Nebraska Gov. Pete Ricketts was “shocked and horrified” to learn Monday that the statewide field director for his 2018 reelection campaign was a “hate-filled” white nationalist. TPM was one of the first outlets to cover the story.
“I had no idea he harbored these feelings,” the GOP governor said of his former staffer, 22-year-old Bennett Bressman. “He never expressed these views to me. I condemn these statements and this hateful worldview.”
In a press release denouncing the leaked online chats in which Bressman jokes about killing Black Lives Matter activists and journalists, Ricketts’ campaign noted that the governor had, after all, “addressed the Republican Jewish Coalition in Las Vegas in 2018” and promoted the sale of “Nebraska beef” in Israel on multiple occasions.
But this week’s revelations are hardly the first time the governor has faced questions about his links to people with controversial, hateful views.
Ricketts himself repeatedly donated to famously racist Iowa Rep. Steve King. Ricketts gave King — who retweets open white nationalists and frets that whites will no longer be a majority in the U.S. — some $20,400 between 2009 and 2016.
Questioned about those donations after King asked in January how the terms “white nationalist, white supremacist” became offensive, Ricketts’ spokesman said that the governor “believes northwestern Iowans deserve a conservative voice in Congress who will continue fighting for tax relief, a vibrant economy, and strong family values.”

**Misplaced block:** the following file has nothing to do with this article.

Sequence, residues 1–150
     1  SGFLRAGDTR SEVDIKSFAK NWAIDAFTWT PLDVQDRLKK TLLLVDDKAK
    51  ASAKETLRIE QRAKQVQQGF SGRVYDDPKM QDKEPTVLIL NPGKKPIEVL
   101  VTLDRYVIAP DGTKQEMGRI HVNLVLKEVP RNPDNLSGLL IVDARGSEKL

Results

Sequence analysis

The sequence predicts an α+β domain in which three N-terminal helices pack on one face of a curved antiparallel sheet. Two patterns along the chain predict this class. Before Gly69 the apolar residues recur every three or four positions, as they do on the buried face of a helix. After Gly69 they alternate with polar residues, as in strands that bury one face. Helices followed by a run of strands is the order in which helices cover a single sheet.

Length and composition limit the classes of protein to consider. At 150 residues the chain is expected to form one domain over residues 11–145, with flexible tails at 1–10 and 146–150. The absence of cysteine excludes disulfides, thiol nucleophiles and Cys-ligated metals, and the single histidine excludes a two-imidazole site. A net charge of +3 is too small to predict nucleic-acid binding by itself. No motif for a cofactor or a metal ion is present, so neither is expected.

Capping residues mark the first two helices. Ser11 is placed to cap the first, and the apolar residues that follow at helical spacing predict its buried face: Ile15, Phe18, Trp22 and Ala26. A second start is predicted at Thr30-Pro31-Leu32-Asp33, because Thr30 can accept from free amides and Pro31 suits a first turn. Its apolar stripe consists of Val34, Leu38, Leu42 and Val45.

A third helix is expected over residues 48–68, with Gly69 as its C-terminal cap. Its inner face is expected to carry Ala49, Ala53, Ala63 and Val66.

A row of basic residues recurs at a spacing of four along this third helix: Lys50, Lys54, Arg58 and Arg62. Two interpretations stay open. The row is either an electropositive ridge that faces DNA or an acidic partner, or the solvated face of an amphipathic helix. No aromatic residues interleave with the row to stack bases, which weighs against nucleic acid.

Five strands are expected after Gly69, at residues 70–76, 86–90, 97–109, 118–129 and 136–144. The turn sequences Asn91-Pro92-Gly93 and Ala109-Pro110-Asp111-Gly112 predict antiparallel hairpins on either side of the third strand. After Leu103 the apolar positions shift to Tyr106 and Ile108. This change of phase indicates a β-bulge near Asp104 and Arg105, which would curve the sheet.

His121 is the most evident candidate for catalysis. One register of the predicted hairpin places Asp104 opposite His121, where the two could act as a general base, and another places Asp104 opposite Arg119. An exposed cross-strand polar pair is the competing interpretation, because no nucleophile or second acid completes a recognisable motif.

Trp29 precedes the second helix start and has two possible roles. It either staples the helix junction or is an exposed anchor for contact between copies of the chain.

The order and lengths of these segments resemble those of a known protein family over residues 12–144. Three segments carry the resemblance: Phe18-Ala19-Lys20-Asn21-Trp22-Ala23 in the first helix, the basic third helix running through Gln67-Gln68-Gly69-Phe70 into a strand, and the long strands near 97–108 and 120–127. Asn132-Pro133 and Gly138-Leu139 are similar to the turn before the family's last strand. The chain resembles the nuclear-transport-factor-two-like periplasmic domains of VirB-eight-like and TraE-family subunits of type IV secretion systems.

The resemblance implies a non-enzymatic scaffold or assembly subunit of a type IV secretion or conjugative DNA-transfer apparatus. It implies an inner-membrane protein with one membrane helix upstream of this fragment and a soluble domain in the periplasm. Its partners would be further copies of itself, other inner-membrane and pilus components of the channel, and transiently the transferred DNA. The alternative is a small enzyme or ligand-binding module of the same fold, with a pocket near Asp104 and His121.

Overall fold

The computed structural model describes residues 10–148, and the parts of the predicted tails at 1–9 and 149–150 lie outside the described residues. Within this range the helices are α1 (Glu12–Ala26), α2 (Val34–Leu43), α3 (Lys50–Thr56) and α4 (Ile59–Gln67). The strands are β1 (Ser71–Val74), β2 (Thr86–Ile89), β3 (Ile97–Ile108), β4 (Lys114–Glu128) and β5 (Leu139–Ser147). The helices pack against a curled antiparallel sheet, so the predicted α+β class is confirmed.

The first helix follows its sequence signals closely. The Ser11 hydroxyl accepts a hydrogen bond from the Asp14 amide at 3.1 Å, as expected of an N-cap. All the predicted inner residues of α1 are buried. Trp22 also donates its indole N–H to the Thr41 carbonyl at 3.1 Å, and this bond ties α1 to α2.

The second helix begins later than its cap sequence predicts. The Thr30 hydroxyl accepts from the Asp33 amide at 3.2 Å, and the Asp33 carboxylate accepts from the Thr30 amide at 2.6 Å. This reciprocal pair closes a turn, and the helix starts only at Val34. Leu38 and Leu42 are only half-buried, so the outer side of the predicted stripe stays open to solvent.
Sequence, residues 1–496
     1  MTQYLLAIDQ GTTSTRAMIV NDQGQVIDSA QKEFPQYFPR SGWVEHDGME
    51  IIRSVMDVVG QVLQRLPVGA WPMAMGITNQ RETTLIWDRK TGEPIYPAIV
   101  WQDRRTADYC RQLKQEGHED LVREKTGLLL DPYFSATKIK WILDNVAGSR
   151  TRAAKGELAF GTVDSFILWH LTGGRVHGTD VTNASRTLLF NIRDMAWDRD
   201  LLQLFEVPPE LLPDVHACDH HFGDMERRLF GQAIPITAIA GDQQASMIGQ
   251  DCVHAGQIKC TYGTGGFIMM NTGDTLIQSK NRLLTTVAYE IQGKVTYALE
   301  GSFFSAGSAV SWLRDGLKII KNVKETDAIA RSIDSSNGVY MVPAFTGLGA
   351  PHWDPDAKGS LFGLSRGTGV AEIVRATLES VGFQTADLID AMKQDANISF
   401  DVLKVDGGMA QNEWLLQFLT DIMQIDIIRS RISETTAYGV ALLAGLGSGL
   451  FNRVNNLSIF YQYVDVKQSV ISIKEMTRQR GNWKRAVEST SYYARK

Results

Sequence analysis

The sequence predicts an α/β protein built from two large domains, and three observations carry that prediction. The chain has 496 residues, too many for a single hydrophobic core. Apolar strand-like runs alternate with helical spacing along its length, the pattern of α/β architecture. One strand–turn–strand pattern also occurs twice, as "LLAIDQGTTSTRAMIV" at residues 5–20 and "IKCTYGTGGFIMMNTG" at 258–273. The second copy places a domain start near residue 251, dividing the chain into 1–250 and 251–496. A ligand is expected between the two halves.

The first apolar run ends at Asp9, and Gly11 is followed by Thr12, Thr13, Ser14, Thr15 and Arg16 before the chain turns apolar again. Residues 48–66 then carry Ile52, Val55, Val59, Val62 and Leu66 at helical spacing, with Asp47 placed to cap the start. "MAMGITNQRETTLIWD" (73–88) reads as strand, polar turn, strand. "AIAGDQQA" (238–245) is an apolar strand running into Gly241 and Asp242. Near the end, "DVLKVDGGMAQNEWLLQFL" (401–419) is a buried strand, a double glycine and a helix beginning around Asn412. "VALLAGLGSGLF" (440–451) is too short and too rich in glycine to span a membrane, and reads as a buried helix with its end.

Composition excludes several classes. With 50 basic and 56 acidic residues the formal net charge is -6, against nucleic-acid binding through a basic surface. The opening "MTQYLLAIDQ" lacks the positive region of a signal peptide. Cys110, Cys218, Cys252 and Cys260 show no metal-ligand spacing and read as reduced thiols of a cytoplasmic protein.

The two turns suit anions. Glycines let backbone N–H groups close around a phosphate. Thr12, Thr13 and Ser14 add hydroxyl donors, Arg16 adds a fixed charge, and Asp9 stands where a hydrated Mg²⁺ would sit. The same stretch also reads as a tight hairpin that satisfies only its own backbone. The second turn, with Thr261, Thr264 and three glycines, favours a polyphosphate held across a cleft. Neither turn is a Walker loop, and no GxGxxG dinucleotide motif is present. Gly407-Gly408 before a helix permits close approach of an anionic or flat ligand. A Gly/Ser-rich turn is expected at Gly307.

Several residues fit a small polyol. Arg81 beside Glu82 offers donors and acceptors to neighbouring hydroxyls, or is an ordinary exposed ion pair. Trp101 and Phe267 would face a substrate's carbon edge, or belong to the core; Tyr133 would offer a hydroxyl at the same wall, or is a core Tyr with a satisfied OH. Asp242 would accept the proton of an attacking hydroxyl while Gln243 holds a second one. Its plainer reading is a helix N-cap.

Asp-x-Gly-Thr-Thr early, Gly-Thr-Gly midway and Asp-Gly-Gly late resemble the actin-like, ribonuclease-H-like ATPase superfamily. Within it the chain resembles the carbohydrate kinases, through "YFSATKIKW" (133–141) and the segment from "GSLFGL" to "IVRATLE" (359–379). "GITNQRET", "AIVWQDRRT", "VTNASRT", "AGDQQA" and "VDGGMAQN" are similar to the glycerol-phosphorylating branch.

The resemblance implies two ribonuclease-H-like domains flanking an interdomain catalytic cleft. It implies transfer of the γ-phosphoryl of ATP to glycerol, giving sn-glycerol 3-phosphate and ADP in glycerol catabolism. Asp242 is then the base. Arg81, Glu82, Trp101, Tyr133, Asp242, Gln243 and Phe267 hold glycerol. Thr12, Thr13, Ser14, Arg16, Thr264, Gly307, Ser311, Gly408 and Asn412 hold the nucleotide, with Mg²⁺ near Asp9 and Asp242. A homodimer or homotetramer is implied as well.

Then there’s Ricketts’ father, family patriarch and AmeriTrade founder Joe Ricketts. He made enemies in the media world in 2017 for shutting down alternative local news sites DNAinfo and Gothamist as soon as they voted to unionize. More recently, he made headlines for exchanging shockingly racist emails.
In leaked communications, Joe Ricketts said that “Islam is a cult and not a religion” and that Muslims are a natural “enemy due to their deep antagonism and bias against non-Muslims.” He also pushed birther nonsense about Barack Obama. (To Pete Ricketts’ credit, he tried to convince his father to read a Snopes article trying to debunk stereotypes about Muslims.)
After the messages went public, Joe Ricketts said in a statement to the media: “I strongly believe that bigoted ideas are wrong.”
The Ricketts family has warmly embraced President Trump, however, despite his countless disparaging remarks about religious and ethnic minorities and his administration’s hostility towards immigrants, documented and otherwise. Trump appointed Gov. Ricketts as a member of his Advisory Committee for Trade Policy and Negotiations last year.
Ricketts’ brother, Chicago Cubs co-owner Todd Ricketts, is even more closely linked to Trumpworld. After dropping his bid to become Trump’s deputy commerce secretary because of his overly complicated financial affairs, Todd Ricketts was named as finance chair for the Republican National Committee.
In February, the RNC announced that Ricketts will now oversee fundraising for Trump’s reelection as part of a joint effort by the 2020 campaign and RNC to secure a second term for the President.
“As we head toward 2020, I will work to ensure President Trump and his campaign have the resources they need to fight for the American people,” Ricketts said in a statement.